Guan county is flat agricultural land that spreads for hundreds of miles. No hedges, few trees and very few ditches, it is made up of strip crops of maze, cotton, tobacco and vegetables.
The brown hares are the main and almost only quarry of the trained goshawk. Pheasants are almost unknown in this part of China which is such a shame as they would add some excitement whilst looking for hares.
Having found his true element, WuDi would spend every winter at his Aunties in the countryside. Each winter he would train a newly trapped female goshawk, and hunt with her until the end of January, at which time he would release her back to the wild.
In 2003, WuDi’s grandfather passed away but he left him the ownership of his house in the village in Guan county. This is now the famous hunting lodge where WuDi and his friends from Beijing retreat to each winter with their hawks.
I have been lucky to spend time at the lodge on a couple of visits and meet experienced visiting falconers with their hawks, falcons and shrikes.
The enclosed yard houses the hawk accommodation, as well as the dog kennels and pigeon loft. As you enter the lodge you are faced with a low screen perch where the latest hawk being manned is tethered. That is if it is not already on somebody's fist.
With a house full of falconers a hawk never has a minutes peace, as soon as one falconer tethers the hawk to the perch then another one picks it up and takes it for a walk, or just into the group discussion.
All this constant handling can man a wild haggard gos within fourteen to twenty days to be as tame as any imprint I have seen.
Yes, they are waked in the first days but not as we were led to believe by T.H.White, this is not a battle between hawk and man.
Instead the Chinese man the new hawk for about twenty hours, they take it in turns and then let the hawk rest and sleep for a few hours, then start again. Within days the hawk is calm and relaxed and ready to start flying to the fist.
Last October, Wudi gathered up a Jack Merlin from a friend for some entertainment for me. We borrowed a couple of bicycles from neighbours and set out around the dirt alleyways between the village houses. We were looking for sparrows, and once spotted the Merlin was laid in the palm of the right hand, we then continued our approach until within twenty feet or so of the sparrows. The Merlin was thrown like javelin at the exploding flock of sparrows. Helped by the thrust, these miniature rockets are so fast it is hard to focus on the action. Needless to say, he rarely missed, and within no time we had four sparrows in the bag.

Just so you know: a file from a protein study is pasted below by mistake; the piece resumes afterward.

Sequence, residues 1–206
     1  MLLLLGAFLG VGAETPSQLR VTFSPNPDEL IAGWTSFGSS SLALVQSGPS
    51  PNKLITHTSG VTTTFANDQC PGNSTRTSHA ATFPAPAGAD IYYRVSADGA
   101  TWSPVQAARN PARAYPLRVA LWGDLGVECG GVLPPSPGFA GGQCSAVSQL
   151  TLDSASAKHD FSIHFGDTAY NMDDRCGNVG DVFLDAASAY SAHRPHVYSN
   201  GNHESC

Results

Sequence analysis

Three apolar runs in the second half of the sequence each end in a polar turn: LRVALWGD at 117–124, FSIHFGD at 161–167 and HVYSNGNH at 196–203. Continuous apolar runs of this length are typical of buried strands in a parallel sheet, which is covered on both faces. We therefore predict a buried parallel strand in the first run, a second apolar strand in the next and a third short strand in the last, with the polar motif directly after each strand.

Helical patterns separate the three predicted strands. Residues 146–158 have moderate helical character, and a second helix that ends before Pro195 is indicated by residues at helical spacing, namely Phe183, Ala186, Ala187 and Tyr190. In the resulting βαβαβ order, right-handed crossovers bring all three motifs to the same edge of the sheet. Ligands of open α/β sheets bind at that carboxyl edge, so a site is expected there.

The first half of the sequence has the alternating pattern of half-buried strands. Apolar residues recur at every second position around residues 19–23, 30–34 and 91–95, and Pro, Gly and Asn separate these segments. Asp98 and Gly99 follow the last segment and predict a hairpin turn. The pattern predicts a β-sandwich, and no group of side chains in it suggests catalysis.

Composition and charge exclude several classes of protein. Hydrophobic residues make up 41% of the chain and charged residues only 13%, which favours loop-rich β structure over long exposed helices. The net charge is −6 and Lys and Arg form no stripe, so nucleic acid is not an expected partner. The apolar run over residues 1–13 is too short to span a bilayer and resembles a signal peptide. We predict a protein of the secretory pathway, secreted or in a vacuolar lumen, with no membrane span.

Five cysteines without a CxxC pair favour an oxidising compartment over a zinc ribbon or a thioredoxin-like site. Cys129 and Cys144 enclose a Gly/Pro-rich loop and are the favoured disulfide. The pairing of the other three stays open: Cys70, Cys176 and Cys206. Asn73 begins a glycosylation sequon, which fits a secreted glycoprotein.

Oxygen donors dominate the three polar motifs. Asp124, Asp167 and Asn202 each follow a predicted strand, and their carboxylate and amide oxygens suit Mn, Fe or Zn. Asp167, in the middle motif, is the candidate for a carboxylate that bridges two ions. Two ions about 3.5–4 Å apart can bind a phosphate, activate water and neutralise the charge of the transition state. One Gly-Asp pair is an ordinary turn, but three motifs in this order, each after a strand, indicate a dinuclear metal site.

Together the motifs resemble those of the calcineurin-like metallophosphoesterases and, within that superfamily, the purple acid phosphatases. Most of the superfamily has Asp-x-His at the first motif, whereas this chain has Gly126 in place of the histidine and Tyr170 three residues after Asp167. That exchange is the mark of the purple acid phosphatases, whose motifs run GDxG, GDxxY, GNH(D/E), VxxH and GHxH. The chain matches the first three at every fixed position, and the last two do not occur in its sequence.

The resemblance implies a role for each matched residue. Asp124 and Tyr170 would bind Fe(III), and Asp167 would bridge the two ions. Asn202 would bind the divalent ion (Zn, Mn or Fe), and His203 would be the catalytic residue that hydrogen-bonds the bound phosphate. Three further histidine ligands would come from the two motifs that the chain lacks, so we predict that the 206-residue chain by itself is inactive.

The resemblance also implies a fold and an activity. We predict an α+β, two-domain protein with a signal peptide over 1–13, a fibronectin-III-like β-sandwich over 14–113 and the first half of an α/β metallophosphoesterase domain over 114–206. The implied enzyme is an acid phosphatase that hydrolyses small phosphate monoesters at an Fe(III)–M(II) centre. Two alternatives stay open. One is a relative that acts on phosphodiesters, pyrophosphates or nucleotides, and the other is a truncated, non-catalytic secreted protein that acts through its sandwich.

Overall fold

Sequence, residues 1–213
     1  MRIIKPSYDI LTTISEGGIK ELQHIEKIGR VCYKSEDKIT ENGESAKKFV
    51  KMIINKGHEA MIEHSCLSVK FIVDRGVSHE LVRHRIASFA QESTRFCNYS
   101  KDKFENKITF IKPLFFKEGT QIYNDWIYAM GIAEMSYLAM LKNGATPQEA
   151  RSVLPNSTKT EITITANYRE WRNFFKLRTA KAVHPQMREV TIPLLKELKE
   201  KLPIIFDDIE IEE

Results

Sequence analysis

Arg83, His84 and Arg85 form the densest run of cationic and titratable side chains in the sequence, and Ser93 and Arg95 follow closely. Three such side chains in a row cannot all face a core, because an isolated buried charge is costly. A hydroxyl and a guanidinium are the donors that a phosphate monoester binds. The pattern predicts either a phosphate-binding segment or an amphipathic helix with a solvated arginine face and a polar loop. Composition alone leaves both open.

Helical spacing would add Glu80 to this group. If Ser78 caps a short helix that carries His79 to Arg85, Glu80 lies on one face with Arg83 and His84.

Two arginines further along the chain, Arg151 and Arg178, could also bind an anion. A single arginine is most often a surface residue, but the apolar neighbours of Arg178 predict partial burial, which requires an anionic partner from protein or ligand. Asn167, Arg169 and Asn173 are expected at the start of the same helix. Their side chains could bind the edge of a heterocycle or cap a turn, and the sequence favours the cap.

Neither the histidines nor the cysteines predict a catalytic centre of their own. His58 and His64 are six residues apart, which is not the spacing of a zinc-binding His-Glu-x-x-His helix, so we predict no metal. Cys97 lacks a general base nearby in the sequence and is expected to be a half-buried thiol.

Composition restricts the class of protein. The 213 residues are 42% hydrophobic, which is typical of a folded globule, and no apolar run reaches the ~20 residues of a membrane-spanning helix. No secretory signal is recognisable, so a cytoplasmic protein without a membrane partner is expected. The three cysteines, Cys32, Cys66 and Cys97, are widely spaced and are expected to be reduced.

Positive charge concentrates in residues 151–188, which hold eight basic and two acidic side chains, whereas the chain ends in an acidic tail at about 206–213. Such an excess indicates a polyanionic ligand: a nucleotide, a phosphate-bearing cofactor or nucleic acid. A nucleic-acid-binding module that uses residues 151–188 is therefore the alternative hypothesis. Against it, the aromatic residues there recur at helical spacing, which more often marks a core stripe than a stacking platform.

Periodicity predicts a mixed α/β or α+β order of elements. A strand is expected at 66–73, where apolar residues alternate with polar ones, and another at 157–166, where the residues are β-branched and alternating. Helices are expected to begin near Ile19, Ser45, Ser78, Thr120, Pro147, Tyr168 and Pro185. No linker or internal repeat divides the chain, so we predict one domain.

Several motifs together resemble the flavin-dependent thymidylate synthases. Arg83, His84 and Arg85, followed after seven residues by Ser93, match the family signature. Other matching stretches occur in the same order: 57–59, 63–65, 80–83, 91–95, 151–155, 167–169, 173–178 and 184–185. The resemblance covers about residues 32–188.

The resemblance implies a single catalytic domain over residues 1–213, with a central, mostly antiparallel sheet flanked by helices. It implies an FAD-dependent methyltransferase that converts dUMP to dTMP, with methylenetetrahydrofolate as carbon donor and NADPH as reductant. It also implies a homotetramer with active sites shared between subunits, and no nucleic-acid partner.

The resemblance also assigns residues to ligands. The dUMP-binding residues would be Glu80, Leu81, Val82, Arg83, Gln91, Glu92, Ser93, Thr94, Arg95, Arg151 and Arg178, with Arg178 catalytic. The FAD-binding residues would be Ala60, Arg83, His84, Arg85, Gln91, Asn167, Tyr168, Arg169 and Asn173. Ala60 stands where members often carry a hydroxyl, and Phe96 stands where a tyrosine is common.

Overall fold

WuDi’s love may be the goshawk but like many falconers he enjoys both longwings as well shortwings. He planned to accompany me on a visit to one of his friends in the next county, and so we set off in his battered truck in the early hours one morning.
Mr. Lu was in the construction industry and very successful, he had always loved falcons and these days employs a team of experienced local falconers just to look after his TuHu’s.
The TuHu is Chinese for a female Saker falcon and it translates to “Hare Tiger”, the male Saker or Sakeret is not used in Chinese falconry.
As the name suggests, the TuHu’s primary quarry is the big brown hare. She is flown out of the hood after fleeing hares that usually have a couple of longdogs in hot pursuit and keeping the chase at top speed.
Mr.Lu’s TuHu’s are flown every day, and generally each falcon in the team catches a hare every day and is fed a good crop on the kill. Yet remarkable, and due to the skill of these falconers, they are ready to hunt the next day.
We went out for three days with these TuHu’s and enjoyed some excellent flights, a lot of ground was covered to find the quarry but we managed a kill for each falcon in the team on every day.
Mr.Lu would join us at some time within the day, locating our position by mobile telephone.
For me the experiences I enjoy with my Chinese falconry friends, enlightens me to the methods I struggled with as a young falconer learning to man passage goshawks, with only the aid of ancient text. I look back and wonder, had I been able to visit China in those early years and learn from this unbroken knowledge.